Kikoy fabric is usually 1.5m long with 5cm of fringe on each end, and almost 1m wide, they are traditionally thin cotton with lengthwise stripping and a few vertical stripes on the ends. They have been mostly sold as Men’s clothing.
Tucked Mexican Rebozo
This carry utilizes the magic of physics again, by being a tucked carry, it is fast, convenient and uses minimal fabric.
Rebozos have been used as shawls for at least the last 600yrs, they worked as sun shade in hot climates, and a wrap in cooler areas, they were used to carry heavy objects and small children, and have been a point of pride for many generations. Early rebozos were cotton or wool, today silk, acrylic and rayon are also popular blends. The shawl is usually 1.5m long, with 20-40cm of intricate hand knotted fringe, and around 60cm wide, but this varies by region. Colors and patterns are regional as well, on the US market it is easiest to find rayon, but they tend to be too slippery to use for wearing babies. Occasionally antique and resale shops will have handwoven cotton rebozos listed as table runners, save the rebozos and buy them all!
Fabric is folded into a triangle, the baby is placed centered on the cloth, the pointed ends come up between the legs, the long ends of the triangle are wrapped across the baby. The baby is put on the back by lowering them down over the shoulder and then pulling the long tails out from between the baby, both long tails are brought over the shoulder and tied at the neck. This carry has a nice seat built in, and is surprisingly comfortable.
Mantas are usually cotton and around 1m square, sometimes larger, a small woven cotton tablecloth works great as a substitute.
Siol Fagu, Welsh Nursing Shawl
This carry works very similarly to the tucked rebozo, the shawl is folded into a triangle and draped over the shoulders. The baby is usually placed high and off center the first tail is wrapped high around baby’s back, tucked across their stomach, sandwiching the tail between the wearer and the baby. The second tail is brought down below the arm, across baby’s butt, creating a seat, and brought across their stomach again to also be sandwiched between the two.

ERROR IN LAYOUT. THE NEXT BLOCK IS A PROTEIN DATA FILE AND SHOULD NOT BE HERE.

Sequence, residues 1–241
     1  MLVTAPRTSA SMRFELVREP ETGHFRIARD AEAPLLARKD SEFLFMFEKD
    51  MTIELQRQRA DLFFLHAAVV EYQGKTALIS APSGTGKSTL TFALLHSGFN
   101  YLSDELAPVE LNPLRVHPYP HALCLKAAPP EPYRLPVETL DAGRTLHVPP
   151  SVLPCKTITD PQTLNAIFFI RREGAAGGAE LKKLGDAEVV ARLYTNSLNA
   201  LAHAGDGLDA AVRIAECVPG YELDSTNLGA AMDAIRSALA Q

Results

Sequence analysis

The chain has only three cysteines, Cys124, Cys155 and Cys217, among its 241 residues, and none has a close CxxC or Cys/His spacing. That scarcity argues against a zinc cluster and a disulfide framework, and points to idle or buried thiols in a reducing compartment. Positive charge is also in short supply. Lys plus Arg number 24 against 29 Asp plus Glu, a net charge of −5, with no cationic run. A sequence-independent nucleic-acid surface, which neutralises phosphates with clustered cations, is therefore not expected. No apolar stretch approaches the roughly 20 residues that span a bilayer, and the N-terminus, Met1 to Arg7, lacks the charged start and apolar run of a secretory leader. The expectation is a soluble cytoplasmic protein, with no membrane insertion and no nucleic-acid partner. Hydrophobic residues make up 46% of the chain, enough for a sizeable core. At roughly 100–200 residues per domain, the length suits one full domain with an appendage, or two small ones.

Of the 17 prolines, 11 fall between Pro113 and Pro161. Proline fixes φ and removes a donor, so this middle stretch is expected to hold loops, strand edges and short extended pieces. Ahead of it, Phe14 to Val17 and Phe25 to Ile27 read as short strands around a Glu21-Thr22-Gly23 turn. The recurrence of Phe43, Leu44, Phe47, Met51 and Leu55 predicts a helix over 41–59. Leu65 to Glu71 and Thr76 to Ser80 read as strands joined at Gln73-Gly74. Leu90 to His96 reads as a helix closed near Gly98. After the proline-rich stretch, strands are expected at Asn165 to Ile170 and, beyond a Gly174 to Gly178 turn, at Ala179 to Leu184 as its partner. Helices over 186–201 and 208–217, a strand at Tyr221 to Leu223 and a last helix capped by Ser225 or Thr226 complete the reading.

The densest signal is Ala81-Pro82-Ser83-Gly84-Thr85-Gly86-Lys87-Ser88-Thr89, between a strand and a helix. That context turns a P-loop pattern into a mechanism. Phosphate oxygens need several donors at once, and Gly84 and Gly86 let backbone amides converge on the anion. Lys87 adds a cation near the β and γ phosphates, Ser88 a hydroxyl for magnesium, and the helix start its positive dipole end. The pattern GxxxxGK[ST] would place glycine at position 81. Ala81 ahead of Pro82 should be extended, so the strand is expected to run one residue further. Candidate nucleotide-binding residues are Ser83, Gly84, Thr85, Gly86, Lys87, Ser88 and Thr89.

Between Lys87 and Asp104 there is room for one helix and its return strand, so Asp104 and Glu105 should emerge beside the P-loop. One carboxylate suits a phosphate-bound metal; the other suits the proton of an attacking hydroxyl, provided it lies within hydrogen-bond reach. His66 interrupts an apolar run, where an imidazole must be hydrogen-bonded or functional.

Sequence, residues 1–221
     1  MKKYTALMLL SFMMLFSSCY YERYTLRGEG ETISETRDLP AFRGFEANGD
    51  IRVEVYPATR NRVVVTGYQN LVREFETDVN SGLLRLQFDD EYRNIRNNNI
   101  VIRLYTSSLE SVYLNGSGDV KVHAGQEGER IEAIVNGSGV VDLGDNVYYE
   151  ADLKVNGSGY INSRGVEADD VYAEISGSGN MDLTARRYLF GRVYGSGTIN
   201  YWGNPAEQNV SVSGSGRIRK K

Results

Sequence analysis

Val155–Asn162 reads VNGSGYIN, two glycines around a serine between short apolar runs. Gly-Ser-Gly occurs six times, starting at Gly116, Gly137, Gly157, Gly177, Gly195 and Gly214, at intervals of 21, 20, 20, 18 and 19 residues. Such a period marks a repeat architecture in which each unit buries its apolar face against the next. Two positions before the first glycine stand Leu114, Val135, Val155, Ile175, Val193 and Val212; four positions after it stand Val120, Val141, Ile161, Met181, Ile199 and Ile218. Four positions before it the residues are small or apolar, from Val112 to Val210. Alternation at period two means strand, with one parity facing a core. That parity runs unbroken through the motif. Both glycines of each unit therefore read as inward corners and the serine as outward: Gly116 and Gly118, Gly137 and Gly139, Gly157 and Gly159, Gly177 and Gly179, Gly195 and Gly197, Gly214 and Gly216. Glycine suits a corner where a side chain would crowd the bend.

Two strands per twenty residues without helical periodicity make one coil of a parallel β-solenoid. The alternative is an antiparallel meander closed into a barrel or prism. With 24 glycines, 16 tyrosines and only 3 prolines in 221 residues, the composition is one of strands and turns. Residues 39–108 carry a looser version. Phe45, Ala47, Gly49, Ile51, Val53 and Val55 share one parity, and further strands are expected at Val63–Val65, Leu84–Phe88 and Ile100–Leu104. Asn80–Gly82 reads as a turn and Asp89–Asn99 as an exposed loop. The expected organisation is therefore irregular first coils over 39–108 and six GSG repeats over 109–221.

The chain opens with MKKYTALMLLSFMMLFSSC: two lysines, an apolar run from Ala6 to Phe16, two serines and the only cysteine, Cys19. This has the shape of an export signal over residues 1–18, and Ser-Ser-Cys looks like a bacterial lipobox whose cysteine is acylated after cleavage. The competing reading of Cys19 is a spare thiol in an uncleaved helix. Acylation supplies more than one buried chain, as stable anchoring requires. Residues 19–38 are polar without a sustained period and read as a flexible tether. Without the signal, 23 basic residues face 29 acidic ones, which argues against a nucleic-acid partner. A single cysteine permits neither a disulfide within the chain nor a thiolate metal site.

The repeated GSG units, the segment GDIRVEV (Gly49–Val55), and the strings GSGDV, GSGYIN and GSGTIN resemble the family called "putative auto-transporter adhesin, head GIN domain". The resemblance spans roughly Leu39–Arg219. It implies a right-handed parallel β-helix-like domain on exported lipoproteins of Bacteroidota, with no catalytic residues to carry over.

Siol Fagu are typically 1.65m square and have on average 30cm of hand twisted fringe on all four sides. They are almost always fulled wool, and currently only produced by individuals, or one small scale company, Melin Teifi, working with antique machinery. These were worn by women of all economic groups as a shawl, and by industrial and farming women as a way to secure baby in order to get back to work.
Honduran high back cradle carry
Instead of the curved spine position usually seen with cradle carries this one is more seated with legs together across the wearers back. Starting with a rectangle of cloth the child is laid in it lengthwise and centered, the fabric is pulled up on both sides and then the ends are used to swing child onto the back. The head side tail is brought over the shoulder and the foot end tail is brought below the arm and they are tied in the center of the chest. This carry is amazing for napping toddlers, and much more comfortable than expected, with no worry about their head flopping or fighting a sleeping hood.
The cloth used in the video seems to be similar in size to a Selendag, 2.5m long and 1m wide. Similar carries to this are also found using Peruvian manta.